Percy Jackson lived in New York, fought in the Battle of Manhattan to defend it, so I thought visiting Manhattan would stir something in me. Despite never considering myself a city girl, I thought I would love New York if just for how many of my favorite fictional characters lived there. Instead, my time there… can I even call it interesting? It was certainly eventful, let me put it that way. I now know which airline to avoid at all costs. I know never to walk into crowds or wear boots.
Most important, I know that New York doesn’t wait for you to adjust to it.
I never loved California. I didn’t consider it as the greatest state in the world. Not when I lived in Los Angeles for university, or even now when I live in the middle of almost nowhere. I couldn’t see the appeal that everyone else did. Boy oh boy, do I see it now. Let me explain. Getting to New York was a nightmare, but that story might need a whole other article that I will probably not write. When we did arrive, driving into Manhattan by Uber, my mom and I shared one thought and one thought only: did we accidentally travel to Beirut?
When I tell you that these two cities look exactly the same in so many places? Unreal. New York should feel different, right? New York meant special. One of a kind. Surely this first impression couldn’t mean much when you actually explore the city.
To its credit, I will admit that a lot of differences exist between the two places.
For one thing, Beirut certainly doesn’t carry anything in its depths like Central Park. Central Park probably makes my top three favorite places in the entire city. It felt alive, and in autumn it looked downright beautiful. Cyclists travelled through one street between the wide-open fields and marathon runners ran down the other. People sat on picnic blankets, vendors offered soft pretzels, ice cream in the freezing cold and coffee that you could smell from blocks away.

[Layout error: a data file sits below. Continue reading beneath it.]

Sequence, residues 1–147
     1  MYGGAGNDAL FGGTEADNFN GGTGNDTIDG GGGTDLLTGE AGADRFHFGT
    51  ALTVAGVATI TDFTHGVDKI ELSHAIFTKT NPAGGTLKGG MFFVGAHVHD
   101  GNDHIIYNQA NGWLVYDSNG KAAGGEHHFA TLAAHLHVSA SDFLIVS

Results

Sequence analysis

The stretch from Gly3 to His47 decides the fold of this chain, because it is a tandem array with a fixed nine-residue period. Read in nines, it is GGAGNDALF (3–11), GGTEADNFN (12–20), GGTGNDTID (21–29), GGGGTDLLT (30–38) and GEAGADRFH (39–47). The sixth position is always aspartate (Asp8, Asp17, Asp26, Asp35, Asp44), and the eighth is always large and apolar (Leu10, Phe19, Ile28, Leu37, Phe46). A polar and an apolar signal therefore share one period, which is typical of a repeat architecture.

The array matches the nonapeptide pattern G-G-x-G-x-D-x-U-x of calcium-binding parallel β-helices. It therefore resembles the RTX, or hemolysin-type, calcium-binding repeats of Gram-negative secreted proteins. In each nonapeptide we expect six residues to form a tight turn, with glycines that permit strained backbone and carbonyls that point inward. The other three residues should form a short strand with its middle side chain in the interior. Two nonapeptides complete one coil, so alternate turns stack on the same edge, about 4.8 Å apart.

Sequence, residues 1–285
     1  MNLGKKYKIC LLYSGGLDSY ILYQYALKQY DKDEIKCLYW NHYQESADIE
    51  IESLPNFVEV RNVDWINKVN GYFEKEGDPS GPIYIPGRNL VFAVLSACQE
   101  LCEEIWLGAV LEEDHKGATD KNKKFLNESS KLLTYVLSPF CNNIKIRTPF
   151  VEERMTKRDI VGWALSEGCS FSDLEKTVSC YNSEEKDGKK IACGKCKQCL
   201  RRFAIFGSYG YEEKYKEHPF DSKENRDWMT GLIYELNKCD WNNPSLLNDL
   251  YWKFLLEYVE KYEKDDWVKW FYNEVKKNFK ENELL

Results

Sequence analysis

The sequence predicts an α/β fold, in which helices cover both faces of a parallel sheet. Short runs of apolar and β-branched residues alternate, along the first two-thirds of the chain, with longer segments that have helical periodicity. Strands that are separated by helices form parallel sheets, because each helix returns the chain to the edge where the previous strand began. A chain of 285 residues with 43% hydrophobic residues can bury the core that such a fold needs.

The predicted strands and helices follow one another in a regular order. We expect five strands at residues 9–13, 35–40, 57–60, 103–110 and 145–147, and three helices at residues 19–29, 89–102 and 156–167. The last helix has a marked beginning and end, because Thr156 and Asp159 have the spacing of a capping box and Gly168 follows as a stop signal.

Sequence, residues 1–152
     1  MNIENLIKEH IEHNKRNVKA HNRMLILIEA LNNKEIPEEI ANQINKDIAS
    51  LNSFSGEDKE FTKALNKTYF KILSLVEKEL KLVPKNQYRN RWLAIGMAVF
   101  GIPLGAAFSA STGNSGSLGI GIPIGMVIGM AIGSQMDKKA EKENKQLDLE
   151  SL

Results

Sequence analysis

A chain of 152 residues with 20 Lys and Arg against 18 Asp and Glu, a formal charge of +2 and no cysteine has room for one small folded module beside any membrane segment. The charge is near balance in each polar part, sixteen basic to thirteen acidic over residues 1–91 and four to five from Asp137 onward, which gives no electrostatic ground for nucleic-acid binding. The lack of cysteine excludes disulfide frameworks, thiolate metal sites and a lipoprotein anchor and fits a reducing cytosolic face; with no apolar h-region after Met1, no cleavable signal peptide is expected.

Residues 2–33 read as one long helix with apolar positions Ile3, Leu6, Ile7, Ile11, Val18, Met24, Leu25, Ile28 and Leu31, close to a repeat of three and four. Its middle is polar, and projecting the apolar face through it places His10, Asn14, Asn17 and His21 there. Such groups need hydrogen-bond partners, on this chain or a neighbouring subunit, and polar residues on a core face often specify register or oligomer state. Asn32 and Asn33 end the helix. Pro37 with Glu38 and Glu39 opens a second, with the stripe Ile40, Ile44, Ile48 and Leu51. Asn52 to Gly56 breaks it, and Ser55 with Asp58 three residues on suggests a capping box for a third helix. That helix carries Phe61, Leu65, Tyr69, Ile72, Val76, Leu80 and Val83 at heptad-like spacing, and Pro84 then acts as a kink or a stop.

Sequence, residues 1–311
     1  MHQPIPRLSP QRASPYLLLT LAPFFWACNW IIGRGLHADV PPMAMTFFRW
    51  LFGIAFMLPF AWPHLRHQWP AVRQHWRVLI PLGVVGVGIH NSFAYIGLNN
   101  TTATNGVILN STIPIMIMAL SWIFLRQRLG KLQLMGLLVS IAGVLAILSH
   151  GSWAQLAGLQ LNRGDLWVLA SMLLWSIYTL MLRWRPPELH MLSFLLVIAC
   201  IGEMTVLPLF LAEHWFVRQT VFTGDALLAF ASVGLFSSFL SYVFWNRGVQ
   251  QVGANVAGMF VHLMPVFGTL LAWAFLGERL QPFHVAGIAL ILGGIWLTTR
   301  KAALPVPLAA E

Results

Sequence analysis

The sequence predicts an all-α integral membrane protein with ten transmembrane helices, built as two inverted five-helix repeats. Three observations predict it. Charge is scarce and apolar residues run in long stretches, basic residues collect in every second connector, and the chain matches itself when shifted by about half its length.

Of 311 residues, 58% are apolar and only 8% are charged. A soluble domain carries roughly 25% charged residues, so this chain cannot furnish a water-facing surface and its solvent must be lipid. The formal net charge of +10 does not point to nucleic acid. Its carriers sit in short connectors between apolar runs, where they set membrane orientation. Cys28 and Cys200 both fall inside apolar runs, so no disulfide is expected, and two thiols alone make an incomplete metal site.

I don’t even think of myself as a people person (no offense), but wow did the place feel like a Georges Seurat painting in a busy Paris. You felt excited just walking through, seeing people go about their lives. Like, “Hey! Look at us New Yorkers just lounging in Central Park on a Sunday! Effortlessly chic, huh?” It felt like a whole other planet, like something you only see on the TY show FRIENDS.
The hidden nooks of New York also felt otherworldly. Where I live in California, everything comes across as wide and out there. You couldn’t find hidden corners or pockets because everything existed in these open spaces. In New York everything feels kind of crowded, so you could easily imagine plenty of secret staircases that led to these obscure coffee houses. Bookshops squeezed so tightly in between convenience stores that you almost missed them if you didn’t know exactly where to look. Pastry shops hidden in the depths of parks that unless you knew the name of the place to look up on Google Maps, you carried no hope of finding them. It almost felt like an initiation of sorts.
Once you found enough of these secret spots, it meant you finally got the hang of the city.
Maybe it came down to me living in Beirut for so long. Maybe I just got good at slipping back into that busy city mindset, so I didn’t feel overwhelmed at the crowded streets or tiny shops. I certainly didn’t love it because I just couldn’t love a city. Everywhere I looked, buildings rose in the distance when I already felt used to seeing mountains. Too much happening, too many people, too much noise. That said, New York did feel a bit like returning home in a sense.
I already knew what a city like this felt like. Try Beirut for a few days and tell me they don’t feel the same. I also felt a certain excitement walking the streets that Percy Jackson himself walked. Call me a dork, I don’t care, I needed something to cling to. I would definitely visit New York again, the Metropolitan Museum made it onto my list of favorite places, I could visit for a month and just go there every day without getting bored. If nothing else, New York certainly gave me an appreciation the palm trees of California that I never felt before.